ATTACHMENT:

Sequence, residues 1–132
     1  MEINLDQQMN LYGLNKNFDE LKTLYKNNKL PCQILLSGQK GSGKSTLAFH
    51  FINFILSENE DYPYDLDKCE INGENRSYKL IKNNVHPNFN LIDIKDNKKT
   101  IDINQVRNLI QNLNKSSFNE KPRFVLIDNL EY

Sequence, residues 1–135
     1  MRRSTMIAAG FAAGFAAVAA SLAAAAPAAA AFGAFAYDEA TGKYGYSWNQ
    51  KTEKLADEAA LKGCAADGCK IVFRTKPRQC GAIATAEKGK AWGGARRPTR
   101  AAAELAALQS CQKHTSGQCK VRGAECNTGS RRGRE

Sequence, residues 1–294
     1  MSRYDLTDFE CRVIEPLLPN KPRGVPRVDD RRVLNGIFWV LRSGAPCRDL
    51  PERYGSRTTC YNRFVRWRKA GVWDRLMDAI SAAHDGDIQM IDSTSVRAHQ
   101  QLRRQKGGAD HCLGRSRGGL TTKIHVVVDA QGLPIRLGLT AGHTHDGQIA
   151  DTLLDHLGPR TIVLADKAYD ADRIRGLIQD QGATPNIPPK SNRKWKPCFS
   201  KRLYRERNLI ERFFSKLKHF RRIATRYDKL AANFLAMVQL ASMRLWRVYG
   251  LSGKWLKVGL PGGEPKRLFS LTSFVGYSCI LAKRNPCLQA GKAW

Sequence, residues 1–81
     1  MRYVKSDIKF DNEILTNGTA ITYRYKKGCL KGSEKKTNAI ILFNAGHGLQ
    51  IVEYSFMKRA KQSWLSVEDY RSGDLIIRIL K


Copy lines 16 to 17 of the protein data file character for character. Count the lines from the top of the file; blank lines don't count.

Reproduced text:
Sequence, residues 1–81
     1  MRYVKSDIKF DNEILTNGTA ITYRYKKGCL KGSEKKTNAI ILFNAGHGLQ